ROBIN RAMSEY Lobster Magazine

In this essay I offer some informed speculation on the assassination of John Kennedy. I have called this a new hypothesis, but in fact it is the elaboration of a hunch about the case - but an interesting hunch, I think.

I take as proven that there was a conspiracy to murder Kennedy and a wide-ranging cover-up of the facts about the case. But I am not inclined to search for a gargantuan conspiracy. American politics are profoundly conspiratorial, but the evidence suggests a jostling mass of groups, lobbies, temporary alliances, rather than the great over- arching conspiracy apparently perceived by some of those who have studied the case. Not that the idea of a meta-conspiracy isn't attractive. Faced with a cover-up extending across the intelligence services, the mass media, and the political establishment, many of the JFK researchers made the not unreasonable assumption that it was co-ordinated, and that its purpose was the concealment of the identities of the real assassins. (In some versions the cover-up is presumed to be the work of the group which organised the assassination.) The closest anyone has come to identifying such a meta-conspiracy is Fletcher Prouty. In his book The Secret Team. 1he described a loose alliance of individuals centred round the upper echelons of the CIA, with members elsewhere throughout the Federal bureaucracies, and with ramifications out into the media, publishing and the academic world. Prouty appears to believe, and encourages his reader to infer, that this 'secret team' arranged Kennedy's death and the cover-up.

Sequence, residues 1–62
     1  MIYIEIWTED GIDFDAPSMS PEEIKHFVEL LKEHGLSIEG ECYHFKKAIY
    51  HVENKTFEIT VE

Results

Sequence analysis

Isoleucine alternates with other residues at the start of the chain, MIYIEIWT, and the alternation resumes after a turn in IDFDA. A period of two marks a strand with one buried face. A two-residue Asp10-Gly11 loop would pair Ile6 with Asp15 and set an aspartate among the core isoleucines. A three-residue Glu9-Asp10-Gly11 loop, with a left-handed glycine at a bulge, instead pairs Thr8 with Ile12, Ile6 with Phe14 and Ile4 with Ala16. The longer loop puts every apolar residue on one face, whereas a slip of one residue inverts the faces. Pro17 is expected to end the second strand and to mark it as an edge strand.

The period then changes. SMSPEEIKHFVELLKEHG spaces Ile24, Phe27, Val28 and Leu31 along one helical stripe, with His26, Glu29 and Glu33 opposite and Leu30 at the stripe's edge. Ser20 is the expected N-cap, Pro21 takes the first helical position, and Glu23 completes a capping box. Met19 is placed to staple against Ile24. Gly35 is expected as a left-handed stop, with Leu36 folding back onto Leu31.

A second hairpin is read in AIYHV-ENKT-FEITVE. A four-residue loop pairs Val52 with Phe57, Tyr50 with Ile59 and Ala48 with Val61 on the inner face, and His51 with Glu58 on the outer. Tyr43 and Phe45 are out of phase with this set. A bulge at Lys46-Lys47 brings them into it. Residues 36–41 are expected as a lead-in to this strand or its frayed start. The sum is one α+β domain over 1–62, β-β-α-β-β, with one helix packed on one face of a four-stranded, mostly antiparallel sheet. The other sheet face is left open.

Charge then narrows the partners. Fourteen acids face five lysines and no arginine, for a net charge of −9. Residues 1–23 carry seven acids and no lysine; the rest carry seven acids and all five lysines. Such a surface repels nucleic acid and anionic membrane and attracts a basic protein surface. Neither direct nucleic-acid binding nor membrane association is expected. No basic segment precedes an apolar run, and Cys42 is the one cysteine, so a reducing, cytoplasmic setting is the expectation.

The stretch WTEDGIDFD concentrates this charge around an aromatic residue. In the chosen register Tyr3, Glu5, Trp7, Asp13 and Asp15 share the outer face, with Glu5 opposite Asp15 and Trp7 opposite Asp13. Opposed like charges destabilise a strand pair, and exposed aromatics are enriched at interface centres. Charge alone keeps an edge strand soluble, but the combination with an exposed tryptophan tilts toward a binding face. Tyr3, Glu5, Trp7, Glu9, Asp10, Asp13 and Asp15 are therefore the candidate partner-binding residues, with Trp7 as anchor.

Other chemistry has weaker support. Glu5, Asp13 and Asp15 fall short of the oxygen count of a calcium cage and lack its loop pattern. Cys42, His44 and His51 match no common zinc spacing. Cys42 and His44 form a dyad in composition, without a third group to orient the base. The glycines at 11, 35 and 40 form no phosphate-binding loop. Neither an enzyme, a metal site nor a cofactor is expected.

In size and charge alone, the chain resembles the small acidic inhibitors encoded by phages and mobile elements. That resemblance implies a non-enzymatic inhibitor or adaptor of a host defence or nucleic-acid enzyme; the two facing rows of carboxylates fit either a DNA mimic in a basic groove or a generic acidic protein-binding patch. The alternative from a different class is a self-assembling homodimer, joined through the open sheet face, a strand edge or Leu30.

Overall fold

The force of Prouty's general claims is hard to resist. He knows at first hand whereof he speaks; and some of his thesis has indeed been confirmed in the post-Watergate revelations of CIA links with the media, the Agency's use of journalists, and the existence of 'detailees' - CIA agents working within the domestic US government.2 But Prouty has no evidence for his belief that this 'secret team' murdered Kennedy (or has declined to offer it), and there is one major difficulty with his (and similar) suggestions: namely, why would a group with the kind of power attributed to a 'secret team' ever have concluded that the best (or only) way to deal with Kennedy was to shoot him down in the street? A public execution is risky and messy - its success impossible to guarantee. The string of failed attempts on de Gaulle by the OAS had demonstrated that long before 1963.

It may just come down to how one sees the world. I see conspiracy everywhere - conspiracy is normal politics. But I also see incompetence, internecine squabbling, and accident - a world in which Murphy's Law (what can go wrong will go wrong) has near universal application. A giant conspiracy asks us to credit a solitary area of extraordinary competence amidst the raggedy muddle of the rest of human (and political) affairs. What a contrast the apparently super-efficient execution and cover- up of the Kennedy assassination makes with the farce and chaos of the CIA's attempts to do the same to Castro. Were there no plausible alternatives to the giant conspiracy view one would have to accept it. But a view of either Oswald the 'lone nut' or some meta-conspiracy is false. The absence of a decent investigation, the on-going cover-up, and the murder itself can be explained without the need to posit a meta-conspiracy...

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